Mississippi IDeA Network of Biomedical Research Excellence (Mississippi INBRE) funded researcher Dr. Wolfgang Kramer recently published an article in Photochem, an international, peer-reviewed photochemistry journal. A Professor of Chemistry at Millsaps College in Jackson, Miss., Dr. Kramer’s research paper is titled “Awakening a Molecular Mummy: The Inter-and Intramolecular Photochemistry of Pyromellitic Diimides with Alkyl Carboxylates” and was published on Aug. 24, 2022. Dr. Kramer and his multi-national team of researchers discovered pyromellitic diimide, a chemical structure previously reported to be a chemically stable electron carrier, is reactive under certain conditions.

According to Dr. Kramer, pyromellitic diimide is used in electron-transfer systems for its chemical stability as an electron carrier. Because it structurally resembles a reactive imide used in his prior research, Dr. Kramer decided to investigate this supposed stability. Collaborating with researchers at the University of Cologne in Köln, Germany, he found that this hypothesis was correct.

“We were able to isolate and characterize numerous expected products, but also several unexpected structures that indicate the uniqueness of this chromophore. Additionally, the radical anion of pyromellitic diimide, while characterized before, proved to be extremely long-lived under our conditions. We were able to prove that pyromellitic diimide does show reactivity under these conditions,” explains Dr. Kramer, “I have never encountered such a long-lived radical species in my lab. In the classroom, we usually teach that radicals are very reactive and do not exist very long. I was able to put this one in a flask, carry it to another building, and make a measurement there.”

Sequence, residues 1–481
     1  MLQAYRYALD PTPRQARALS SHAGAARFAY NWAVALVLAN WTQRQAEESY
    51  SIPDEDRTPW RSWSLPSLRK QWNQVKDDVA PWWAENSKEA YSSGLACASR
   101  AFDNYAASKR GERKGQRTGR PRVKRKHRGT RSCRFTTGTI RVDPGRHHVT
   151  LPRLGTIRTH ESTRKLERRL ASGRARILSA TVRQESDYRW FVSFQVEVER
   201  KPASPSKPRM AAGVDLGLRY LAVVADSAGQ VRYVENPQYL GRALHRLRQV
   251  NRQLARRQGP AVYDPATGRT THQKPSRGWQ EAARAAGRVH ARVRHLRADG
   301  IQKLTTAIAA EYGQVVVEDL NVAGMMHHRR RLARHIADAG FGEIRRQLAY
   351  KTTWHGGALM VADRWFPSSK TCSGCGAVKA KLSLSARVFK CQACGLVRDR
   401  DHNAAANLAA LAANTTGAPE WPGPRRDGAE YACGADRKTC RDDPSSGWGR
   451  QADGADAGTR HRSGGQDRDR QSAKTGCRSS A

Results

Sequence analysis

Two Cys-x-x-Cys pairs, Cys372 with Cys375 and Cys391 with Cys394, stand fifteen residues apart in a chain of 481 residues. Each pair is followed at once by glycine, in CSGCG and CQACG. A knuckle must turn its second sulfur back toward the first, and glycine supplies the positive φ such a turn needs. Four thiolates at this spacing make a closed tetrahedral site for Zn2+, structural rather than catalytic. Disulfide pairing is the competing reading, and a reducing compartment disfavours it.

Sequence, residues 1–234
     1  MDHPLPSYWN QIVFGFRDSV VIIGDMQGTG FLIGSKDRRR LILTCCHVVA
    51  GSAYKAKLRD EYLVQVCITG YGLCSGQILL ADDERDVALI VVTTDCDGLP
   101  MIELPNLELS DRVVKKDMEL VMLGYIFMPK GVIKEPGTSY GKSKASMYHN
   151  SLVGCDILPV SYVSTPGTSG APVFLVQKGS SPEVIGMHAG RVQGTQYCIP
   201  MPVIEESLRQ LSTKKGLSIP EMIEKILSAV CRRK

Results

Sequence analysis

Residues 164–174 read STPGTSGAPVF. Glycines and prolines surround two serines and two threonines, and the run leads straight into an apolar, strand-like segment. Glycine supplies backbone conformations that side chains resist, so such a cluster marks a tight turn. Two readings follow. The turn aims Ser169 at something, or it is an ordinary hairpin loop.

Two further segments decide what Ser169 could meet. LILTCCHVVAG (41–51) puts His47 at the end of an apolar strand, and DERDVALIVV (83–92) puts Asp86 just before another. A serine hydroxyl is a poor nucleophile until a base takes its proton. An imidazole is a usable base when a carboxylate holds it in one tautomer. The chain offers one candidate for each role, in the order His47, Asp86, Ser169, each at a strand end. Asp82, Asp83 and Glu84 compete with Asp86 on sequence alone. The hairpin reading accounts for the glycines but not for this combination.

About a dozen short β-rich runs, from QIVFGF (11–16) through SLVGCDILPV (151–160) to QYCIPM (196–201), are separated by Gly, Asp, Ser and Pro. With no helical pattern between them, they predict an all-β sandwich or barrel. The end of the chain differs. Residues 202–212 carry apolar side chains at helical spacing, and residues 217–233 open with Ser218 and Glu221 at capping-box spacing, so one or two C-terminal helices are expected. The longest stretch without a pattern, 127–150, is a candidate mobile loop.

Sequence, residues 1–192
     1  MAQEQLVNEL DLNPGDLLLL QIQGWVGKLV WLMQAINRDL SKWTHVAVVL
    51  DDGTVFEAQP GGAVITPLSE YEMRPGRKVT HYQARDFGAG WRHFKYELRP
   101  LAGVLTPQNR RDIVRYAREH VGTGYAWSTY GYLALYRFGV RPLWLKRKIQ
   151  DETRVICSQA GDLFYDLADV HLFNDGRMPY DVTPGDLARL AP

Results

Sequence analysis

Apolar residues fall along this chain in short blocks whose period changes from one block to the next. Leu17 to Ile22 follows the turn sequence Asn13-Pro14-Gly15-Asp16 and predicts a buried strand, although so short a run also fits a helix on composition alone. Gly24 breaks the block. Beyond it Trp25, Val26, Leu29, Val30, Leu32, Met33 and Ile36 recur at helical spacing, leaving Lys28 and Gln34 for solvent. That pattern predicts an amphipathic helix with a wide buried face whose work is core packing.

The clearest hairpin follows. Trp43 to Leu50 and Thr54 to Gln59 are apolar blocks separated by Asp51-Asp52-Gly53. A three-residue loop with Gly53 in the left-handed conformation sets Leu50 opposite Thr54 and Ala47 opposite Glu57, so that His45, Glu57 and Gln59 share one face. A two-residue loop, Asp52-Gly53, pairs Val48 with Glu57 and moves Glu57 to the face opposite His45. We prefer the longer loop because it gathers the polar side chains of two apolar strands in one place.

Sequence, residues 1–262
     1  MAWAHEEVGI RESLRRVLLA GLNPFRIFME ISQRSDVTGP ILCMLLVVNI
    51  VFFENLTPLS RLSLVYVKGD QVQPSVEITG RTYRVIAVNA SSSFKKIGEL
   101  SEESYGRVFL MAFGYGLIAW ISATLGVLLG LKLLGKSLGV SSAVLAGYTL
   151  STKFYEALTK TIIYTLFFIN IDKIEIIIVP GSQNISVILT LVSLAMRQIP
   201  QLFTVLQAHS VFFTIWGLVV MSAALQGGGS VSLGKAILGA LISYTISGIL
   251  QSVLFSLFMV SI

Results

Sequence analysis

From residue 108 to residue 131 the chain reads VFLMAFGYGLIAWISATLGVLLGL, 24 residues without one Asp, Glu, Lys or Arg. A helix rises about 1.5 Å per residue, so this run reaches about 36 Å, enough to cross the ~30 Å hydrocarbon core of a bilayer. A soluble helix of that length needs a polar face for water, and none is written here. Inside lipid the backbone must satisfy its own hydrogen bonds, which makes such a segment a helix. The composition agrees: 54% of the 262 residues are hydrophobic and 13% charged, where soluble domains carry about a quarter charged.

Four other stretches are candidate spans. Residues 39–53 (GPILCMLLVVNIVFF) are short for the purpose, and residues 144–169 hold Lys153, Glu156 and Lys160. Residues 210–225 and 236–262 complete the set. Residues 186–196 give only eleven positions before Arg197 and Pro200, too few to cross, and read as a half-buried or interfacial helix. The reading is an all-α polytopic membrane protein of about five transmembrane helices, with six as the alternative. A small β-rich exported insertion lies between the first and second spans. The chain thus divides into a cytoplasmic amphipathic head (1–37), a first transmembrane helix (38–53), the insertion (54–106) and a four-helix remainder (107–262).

Dr. Kramer says this research would not have been possible without the support of Mississippi INBRE. He explains, “Mississippi INBRE has allowed me to set up my lab with the instrumentation and glassware necessary to conduct research. The research infrastructure in Organic Chemistry and Biochemistry was originally funded by Mississippi INBRE as well. This put us in a position to attract further funding, for example, a Howard Hughes Medical Institute (HHMI) grant. Mississippi INBRE has had and continues to have a major impact on the research in my lab and at Millsaps College.”

Moving forward, Dr. Kramer plans to investigate aromatic imide chromophores further. Will their photochemical reactivity follow the pattern for aromatic imides? Is there a point where structural changes tip the identity of the structure into a completely different reaction pattern? These are the questions Dr. Kramer hopes to find an answer to.

Congratulations to Dr. Kramer and his team. Mississippi INBRE is proud to support predominately undergraduate institution (PUI) research across the state, and this publication is a prime example of its importance. We will continue to report Dr. Kramer’s findings as the research evolves.

Read the article here